Friday, March 01, 2013

Overlooked Magazines: Suspense, Fall 1951

Suspense Magazine was connected in some way to the famous radio show of the same name.  The masthead says it's "The High- Tension Magazine Inspired by CBS Radio and Television Series Suspense." There's not much information about it available on the Internet, but I found out here that there were four issues published in 1946-47.  That incarnation died, but in 1951-52 another run of four issues appeared.  Not mentioned at the link above is at least one novel that appeared in the same format.  The copy of that one I have was written by Bob Wade and Bill Miller under their Will Daemer pseudonym.

The radio show, even in the early '50s, occasionally delved into SF, so I guess I shouldn't have been surprised to discover in the issue before me a story by Fritz Leiber.  I was a bit taken aback, however, when I saw it was a story about Fafhrd and the Gray Mouser, as the radio show didn't wander into that kind of fantasy as far as I know.  The story, as you can see on the cover scan, is "Dark Vengeance," and that's what threw me, as I didn't know of a story about Fafhrd and the Mouser by that title.  That's because the title was changed to "Claws in the Night" when the story was reprinted in Swords Against Darkness where I first read it.  It's one of those stories that was written before passage of the law against using adverbs and before the law about telling instead of showing was put on the books.  And you know what?  It's still a dandy story.  I think people sometimes worry too much about supposed "rules" of writing and don't let the story develop the way it wants to.  Anyway, if you don't like birds, this story will creep you out. And maybe even if you do like birds.

"Wall of Fear" by Will Jenkins (Murray Leinster to SF fans) is a reprint.  It's about an escaped convict, a favorite theme in this magazine, and probably on the radio show, too.  It's predictable but okay.

William Sambrot's "The Saboteur" is about a mercenary who's helping to plan a mine to blow up the Golden Gate Bridge.  He's more successful than you might think.

In H. L. Gold's "Love Ethereal," a woman trapped in a loveless marriage falls for an invisible man.  And has an invisible baby.  That's not the punchline, though.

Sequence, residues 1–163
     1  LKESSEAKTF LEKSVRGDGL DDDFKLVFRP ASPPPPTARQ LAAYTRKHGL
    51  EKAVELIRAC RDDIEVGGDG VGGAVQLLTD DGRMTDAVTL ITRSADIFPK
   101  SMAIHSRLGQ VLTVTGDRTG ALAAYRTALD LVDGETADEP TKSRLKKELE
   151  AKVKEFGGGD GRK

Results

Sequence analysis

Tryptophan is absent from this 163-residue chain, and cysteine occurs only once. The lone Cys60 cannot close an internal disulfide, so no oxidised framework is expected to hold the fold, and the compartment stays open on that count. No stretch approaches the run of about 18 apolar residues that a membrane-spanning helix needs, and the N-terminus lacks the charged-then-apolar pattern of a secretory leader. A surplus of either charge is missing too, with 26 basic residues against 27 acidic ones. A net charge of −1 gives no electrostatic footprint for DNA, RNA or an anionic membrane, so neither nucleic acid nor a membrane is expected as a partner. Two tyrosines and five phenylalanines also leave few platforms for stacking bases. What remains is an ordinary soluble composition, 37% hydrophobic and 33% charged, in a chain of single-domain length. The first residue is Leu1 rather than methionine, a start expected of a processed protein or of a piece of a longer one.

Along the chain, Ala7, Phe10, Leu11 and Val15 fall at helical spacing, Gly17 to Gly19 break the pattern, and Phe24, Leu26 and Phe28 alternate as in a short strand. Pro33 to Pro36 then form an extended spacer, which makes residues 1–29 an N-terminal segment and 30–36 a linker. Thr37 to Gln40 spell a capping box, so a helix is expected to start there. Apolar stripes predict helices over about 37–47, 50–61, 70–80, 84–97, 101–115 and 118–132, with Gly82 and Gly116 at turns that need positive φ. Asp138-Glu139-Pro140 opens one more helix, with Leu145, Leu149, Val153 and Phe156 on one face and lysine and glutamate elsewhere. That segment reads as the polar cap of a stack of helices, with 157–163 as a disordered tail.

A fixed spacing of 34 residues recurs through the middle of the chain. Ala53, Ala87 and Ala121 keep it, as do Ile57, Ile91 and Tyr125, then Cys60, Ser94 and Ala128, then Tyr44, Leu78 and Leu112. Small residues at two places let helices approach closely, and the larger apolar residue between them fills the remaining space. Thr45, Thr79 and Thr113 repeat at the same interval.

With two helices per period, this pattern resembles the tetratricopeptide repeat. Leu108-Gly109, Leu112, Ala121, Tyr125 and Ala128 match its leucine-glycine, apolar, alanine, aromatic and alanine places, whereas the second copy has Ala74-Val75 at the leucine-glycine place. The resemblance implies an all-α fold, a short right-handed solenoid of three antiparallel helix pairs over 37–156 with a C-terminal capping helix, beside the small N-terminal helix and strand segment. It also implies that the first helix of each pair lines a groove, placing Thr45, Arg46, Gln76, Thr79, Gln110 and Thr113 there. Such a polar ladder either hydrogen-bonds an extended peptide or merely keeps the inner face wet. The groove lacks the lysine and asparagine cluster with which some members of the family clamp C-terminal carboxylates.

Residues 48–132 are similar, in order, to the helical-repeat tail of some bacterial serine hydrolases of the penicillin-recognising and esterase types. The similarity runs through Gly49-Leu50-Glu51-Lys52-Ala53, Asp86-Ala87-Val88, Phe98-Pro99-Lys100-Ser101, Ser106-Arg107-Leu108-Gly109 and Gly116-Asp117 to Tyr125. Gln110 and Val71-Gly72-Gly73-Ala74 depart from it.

"How Can You Be Reading This" by Charles H. Gesner shows you what can happen when you say the word pungent to the wrong person.  It's not pleasant.

"Not a Leg to Stand On" is another escaped convict story.  "Don Mardick" is supposed to be a pseudonym, but I don't know who's behind it.

Talmage Powell is a familiar name, and his story set in the Florida back country has a bird tie-in that's even more unpleasant than the one in Leiber's tale.

"Pattern for Dying" by Morris Cooper is yet another escaped convict story.  Things never seem to work out for escaped cons in these stories, and this one's no exception.

Sir Arthur T. Quiller-Couch is a name I encountered in my grad school days, but not in a way related to his fiction.  "The Seventh Man" was at one time a pretty famous ghost story, and it's still a good one.

Philip Weck's "You Can't Run Away" is a returning vet tale. The old hometown's not the same. The woman he left behind is married to a no-good, who turns up dead.  Style is everything in this story, and I thought it worked.

I haven't read the other stories yet, but it wasn't quality that caused this magazine to fail.  The ones I read are all well done.  Maybe the public just didn't want a general fiction magazine of this kind.  Here's the entire ToC:


4 comments:

George said...

Wow, that SUSPENSE issue was full of great stories by some great writers! Of course, I was only two years old back in 1951...

Todd Mason said...

The daughter of another writer laid claim for her father for "N. R. de Mexico" (the associate editor), but I suspect Larry Shaw (the writer/editor and Futurian) was the NRD in this case...and doesn't that TOC look like a predecessor to Robert Arthur's and Harold Masur's ALFRED HITCHCOCK PRESENTS: anthos...Robert Arthur had his own shortlived eclective radio-associated digest going at about this time, THE MYSTERIOUS TRAVELER MAGAZINE...

Anonymous said...

The earlier Suspense Magazine really had more to do with the radio series than the 2nd incarnation from the early 50's. The one from the 40's novelized scripts [edited by Leslie Charteris creator of The Saint] The 50's version had 1 script reprint per each issue. Also of Note for collectors of Suspense Magazine .. Ellery Queen Mystery Magazine September 1944 script of missing episode 'The Hangman Won't Wait' / and a year later Sept 1945 script of missing episode 'Will You Walk Into My Parlour'

Bill Crider said...

I haven't seen the '40s version. Maybe I'll run across one someday.